Karen Jones is a flash and short fiction writer from Glasgow, Scotland. Her flashes have been nominated for Best of the Net and The Pushcart Prize, and her story ‘Small Mercies’ was included in Best Small Fictions 2019. She has won first prize in the Cambridge Flash Prize, Flash 500 and Reflex Fiction and second prize in Fractured Lit’s Micro Fiction Competition. Her work has been shortlisted for To Hull and Back, Bath Flash Fiction and Bath Short Story Award and longlisted for the Commonwealth Short Story Prize. Her novella-in-flash When It’s Not Called Making Love is published by Ad Hoc Fiction. She is Special Features Editor at New Flash Fiction Review and an editor for National Flash Fiction Day anthology.

Highly Commended: The Rupture Gene by Jeanette Lowe (UK)

John Brantingham commented:

I found myself harboring a deep affection for Jack, the main character of The Rupture Gene. He is quiet and thoughtful. That he cares deeply for the people around him is apparent. I found myself thinking about a passage from The Catcher in the Rye about the books Holden Caufield likes: “What really knocks me out is a book that, when you’re all done reading it, you wish the author that wrote it was a terrific friend of yours and you could call him up on the phone whenever you felt like it. That doesn’t happen much, though.” I felt that way about Jack who is sensitive and thoughtful, and it made me think that the author is as well. Maybe the author is, who knows? The point is that the characterization here is beautiful, and this is a book I hope many people will read.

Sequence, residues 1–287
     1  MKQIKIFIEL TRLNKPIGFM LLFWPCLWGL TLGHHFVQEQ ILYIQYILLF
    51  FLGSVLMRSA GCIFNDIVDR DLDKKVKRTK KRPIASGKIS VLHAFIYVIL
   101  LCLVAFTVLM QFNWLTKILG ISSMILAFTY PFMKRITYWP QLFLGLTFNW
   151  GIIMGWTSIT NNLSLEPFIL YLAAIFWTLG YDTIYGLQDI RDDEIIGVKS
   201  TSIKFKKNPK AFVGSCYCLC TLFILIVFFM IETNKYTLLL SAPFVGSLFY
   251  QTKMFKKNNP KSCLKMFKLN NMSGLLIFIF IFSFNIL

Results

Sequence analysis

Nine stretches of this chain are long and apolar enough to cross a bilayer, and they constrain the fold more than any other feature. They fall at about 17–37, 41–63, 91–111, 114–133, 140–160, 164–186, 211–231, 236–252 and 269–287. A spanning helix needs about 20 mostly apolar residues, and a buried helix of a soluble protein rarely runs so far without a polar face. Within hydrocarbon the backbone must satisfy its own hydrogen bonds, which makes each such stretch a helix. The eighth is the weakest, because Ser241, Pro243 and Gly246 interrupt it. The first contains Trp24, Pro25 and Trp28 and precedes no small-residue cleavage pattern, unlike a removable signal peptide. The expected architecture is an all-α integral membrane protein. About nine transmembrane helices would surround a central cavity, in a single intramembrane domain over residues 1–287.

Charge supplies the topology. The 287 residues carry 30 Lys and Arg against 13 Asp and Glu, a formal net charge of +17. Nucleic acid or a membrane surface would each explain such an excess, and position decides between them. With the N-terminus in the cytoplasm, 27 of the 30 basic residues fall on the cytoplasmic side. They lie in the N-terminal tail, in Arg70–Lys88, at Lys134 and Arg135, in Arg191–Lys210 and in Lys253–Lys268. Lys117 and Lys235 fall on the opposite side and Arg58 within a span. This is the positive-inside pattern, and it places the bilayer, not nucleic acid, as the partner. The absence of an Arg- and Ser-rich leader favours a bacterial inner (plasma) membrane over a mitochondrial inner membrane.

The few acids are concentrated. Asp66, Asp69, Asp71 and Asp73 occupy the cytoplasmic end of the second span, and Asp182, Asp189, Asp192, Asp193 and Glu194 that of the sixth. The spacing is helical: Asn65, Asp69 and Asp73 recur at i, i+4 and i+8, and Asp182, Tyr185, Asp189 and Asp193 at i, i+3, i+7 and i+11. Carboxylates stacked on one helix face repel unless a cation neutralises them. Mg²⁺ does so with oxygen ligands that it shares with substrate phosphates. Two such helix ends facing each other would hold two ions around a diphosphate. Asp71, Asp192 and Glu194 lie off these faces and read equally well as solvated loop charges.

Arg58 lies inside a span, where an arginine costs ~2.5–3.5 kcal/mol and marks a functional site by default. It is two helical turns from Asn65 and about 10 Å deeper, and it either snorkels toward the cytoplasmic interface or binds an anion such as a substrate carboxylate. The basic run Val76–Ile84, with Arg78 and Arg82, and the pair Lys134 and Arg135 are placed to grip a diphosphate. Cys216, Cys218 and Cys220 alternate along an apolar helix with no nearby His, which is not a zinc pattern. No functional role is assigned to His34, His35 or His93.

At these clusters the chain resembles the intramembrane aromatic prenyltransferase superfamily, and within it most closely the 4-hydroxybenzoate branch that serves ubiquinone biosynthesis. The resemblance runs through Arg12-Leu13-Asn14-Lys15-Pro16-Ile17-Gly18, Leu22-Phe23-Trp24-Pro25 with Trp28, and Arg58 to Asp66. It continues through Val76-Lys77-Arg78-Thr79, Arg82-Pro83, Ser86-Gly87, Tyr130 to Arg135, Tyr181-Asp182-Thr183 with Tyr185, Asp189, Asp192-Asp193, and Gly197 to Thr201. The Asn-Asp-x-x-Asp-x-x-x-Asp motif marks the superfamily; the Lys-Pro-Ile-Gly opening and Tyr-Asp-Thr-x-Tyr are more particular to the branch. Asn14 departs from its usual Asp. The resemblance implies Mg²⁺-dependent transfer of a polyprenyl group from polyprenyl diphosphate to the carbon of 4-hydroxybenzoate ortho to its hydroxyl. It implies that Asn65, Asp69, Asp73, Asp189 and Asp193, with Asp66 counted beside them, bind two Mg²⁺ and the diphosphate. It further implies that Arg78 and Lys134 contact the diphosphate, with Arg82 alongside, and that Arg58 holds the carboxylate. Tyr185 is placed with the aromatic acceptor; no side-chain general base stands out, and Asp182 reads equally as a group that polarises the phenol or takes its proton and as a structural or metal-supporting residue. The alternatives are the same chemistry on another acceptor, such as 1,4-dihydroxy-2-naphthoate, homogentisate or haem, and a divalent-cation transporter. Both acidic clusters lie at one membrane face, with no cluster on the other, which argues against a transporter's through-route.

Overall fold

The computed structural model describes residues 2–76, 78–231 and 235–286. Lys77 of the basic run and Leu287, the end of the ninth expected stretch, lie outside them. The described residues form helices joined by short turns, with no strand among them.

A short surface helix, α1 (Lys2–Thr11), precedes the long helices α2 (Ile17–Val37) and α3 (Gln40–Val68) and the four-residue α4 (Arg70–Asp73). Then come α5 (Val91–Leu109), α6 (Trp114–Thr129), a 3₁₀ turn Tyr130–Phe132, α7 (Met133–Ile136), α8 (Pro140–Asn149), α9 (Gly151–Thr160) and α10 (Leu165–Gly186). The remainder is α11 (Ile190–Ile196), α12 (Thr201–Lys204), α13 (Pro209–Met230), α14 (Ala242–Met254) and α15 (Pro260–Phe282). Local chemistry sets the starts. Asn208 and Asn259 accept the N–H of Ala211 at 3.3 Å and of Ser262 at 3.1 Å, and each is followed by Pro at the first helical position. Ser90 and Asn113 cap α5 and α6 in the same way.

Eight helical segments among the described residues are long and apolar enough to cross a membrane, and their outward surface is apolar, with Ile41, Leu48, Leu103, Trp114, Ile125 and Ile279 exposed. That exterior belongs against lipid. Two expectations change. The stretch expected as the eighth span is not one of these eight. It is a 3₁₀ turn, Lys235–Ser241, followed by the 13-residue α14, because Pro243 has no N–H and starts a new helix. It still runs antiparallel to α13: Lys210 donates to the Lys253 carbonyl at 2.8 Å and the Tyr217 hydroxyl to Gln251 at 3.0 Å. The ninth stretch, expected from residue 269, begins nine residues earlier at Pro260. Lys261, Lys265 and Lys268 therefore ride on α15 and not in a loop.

Jeanette Lowe, born in Dorset and now resident in Sheffield, is a former journalist and special needs teacher who is now devoting her time to writing fiction. Jeanette has a Master’s Degree in Creative Writing (distinction) from the University of Sheffield, and writes short stories and flash fictions, which have been published by Writers Magazine, Brittle Star, Flash500 and Dorset Voices. Her flashes have also appeared in three Bath Flash Fiction Anthologies. Her first novella-in-flash, Let the demons tiptoe, won second prize in the inaugural National Flash Fiction Day novella-in-flash competition (2021). Her novella-in-flash Pixie Lore is published by Ad Hoc Fiction (2022).

Further congratulations to all the other shortlisted writers and best wishes for their wonderful novellas in flash. We hope they will be out in the world soon: Me, I Call Myself Girl by Francine Witte (USA; Not Visiting the SS Great Britain by Emma Phillips (UK); His Raucous Girls by Kim Henderson (USA); A Year in Philadelphia Melissa Rosato, USA Melba Toasts Copy of the St Albans Register and Seed Co. Almanac by Electra Rhodes (UK)
And more congratulations and best wishes for publication to all the longlisted writers (names now included on the longlist announcement list).